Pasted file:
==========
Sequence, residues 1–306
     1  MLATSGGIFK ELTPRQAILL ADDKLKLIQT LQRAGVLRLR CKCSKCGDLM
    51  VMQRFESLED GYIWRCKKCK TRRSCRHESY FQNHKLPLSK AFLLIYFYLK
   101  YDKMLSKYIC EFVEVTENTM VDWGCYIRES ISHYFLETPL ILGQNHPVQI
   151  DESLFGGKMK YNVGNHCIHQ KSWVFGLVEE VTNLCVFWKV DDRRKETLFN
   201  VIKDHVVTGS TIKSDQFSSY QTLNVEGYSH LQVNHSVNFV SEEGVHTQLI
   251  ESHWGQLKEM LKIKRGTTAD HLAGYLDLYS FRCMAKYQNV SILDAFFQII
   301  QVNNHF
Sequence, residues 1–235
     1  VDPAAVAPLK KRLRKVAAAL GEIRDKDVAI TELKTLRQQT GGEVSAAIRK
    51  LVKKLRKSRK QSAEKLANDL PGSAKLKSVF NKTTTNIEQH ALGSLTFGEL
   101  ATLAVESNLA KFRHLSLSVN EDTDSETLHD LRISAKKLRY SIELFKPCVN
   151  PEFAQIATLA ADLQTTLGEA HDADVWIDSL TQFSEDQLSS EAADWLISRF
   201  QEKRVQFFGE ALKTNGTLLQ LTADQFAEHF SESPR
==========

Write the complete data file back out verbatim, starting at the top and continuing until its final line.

Sequence, residues 1–306
     1  MLATSGGIFK ELTPRQAILL ADDKLKLIQT LQRAGVLRLR CKCSKCGDLM
    51  VMQRFESLED GYIWRCKKCK TRRSCRHESY FQNHKLPLSK AFLLIYFYLK
   101  YDKMLSKYIC EFVEVTENTM VDWGCYIRES ISHYFLETPL ILGQNHPVQI
   151  DESLFGGKMK YNVGNHCIHQ KSWVFGLVEE VTNLCVFWKV DDRRKETLFN
   201  VIKDHVVTGS TIKSDQFSSY QTLNVEGYSH LQVNHSVNFV SEEGVHTQLI
   251  ESHWGQLKEM LKIKRGTTAD HLAGYLDLYS FRCMAKYQNV SILDAFFQII
   301  QVNNHF
Sequence, residues 1–235
     1  VDPAAVAPLK KRLRKVAAAL GEIRDKDVAI TELKTLRQQT GGEVSAAIRK
    51  LVKKLRKSRK QSAEKLANDL PGSAKLKSVF NKTTTNIEQH ALGSLTFGEL
   101  ATLAVESNLA KFRHLSLSVN EDTDSETLHD LRISAKKLRY SIELFKPCVN
   151  PEFAQIATLA ADLQTTLGEA HDADVWIDSL TQFSEDQLSS EAADWLISRF
   201  QEKRVQFFGE ALKTNGTLLQ LTADQFAEHF SESPR